Acute effects of aerosolized S-nitrosoglutathione in cystic fibrosis

Am J Respir Crit Care Med. 2002 Apr 1;165(7):922-6. doi: 10.1164/ajrccm.165.7.2105032.


S-nitrosoglutathione (GSNO), a naturally occurring constituent of airway lining fluid, enhances ciliary motility, relaxes airway smooth muscle, inhibits airway epithelial amiloride-sensitive sodium transport, and prevents pathogen replication. Remarkably, airway levels of GSNO are low in patients with cystic fibrosis (CF). We hypothesized that replacement of airway GSNO would improve gas exchange in CF. In a double-blind, placebo controlled study, we administered 0.05 ml/kg of 10 mM GSNO or phosphate buffered saline by aerosol to patients with CF and followed oxygen saturation, spirometry, respiratory rate, blood pressure, heart rate, and expired nitric oxide (NO). Nine patients received GSNO and 11 placebo. GSNO inhalation was associated with a modest but sustained increase in oxygen saturation at all time points. Expired NO increased in the low ppb range with GSNO treatment, peaking at 5 minutes but remaining above baseline at 30 minutes. There were no adverse effects. We conclude that GSNO is well tolerated in patients with CF and improves oxygenation through a mechanism that may be independent of free NO. Further, GSNO breakdown increases expired NO. We suggest that therapy aimed at restoring endogenous GSNO levels in the CF airway may merit study.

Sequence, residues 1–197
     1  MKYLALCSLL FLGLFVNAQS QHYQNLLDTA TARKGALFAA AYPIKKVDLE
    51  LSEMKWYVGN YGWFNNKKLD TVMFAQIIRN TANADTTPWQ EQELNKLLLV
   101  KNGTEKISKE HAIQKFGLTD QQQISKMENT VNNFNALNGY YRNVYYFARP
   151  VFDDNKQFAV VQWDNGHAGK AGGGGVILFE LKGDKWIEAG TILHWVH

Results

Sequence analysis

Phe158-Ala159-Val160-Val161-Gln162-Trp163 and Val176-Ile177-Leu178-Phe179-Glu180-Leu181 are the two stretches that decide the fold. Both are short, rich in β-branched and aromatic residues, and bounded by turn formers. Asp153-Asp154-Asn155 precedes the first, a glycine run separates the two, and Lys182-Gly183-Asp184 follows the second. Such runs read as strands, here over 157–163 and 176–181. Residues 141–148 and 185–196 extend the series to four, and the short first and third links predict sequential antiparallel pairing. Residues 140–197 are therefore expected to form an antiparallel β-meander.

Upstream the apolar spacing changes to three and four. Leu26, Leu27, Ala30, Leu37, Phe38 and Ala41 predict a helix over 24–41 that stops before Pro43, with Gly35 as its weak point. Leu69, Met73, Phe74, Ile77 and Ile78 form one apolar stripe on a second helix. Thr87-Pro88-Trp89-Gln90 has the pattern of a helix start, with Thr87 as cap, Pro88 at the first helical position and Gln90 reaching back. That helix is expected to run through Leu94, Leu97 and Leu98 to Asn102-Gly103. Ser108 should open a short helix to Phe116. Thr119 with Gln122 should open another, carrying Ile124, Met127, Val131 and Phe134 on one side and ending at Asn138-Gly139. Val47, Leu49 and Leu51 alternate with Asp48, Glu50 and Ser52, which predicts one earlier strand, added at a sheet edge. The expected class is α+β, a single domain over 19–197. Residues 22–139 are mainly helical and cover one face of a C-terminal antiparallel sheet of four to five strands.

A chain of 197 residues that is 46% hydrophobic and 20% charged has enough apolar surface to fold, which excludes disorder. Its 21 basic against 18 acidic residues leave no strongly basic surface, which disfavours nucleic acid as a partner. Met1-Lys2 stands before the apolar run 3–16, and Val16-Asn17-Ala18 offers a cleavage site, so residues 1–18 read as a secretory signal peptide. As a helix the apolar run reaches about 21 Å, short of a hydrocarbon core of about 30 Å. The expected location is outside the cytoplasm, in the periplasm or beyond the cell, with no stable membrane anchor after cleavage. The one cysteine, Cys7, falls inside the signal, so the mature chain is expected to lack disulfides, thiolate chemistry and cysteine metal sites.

Publication types

  • Clinical Trial
  • Controlled Clinical Trial
  • Research Support, Non-U.S. Gov't
  • Research Support, U.S. Gov't, P.H.S.

MeSH terms

  • Administration, Inhalation
  • Adolescent
  • Adult
  • Aerosols
  • Breath Tests
  • Child
  • Cystic Fibrosis / drug therapy
  • Cystic Fibrosis / physiopathology*
  • Double-Blind Method
  • Forced Expiratory Volume
  • Humans
  • Nitric Oxide / analysis
  • Oxygen / blood
  • Pulmonary Gas Exchange / drug effects
  • S-Nitrosoglutathione / administration & dosage*
  • Vital Capacity


  • Aerosols
  • Nitric Oxide
  • S-Nitrosoglutathione
  • Oxygen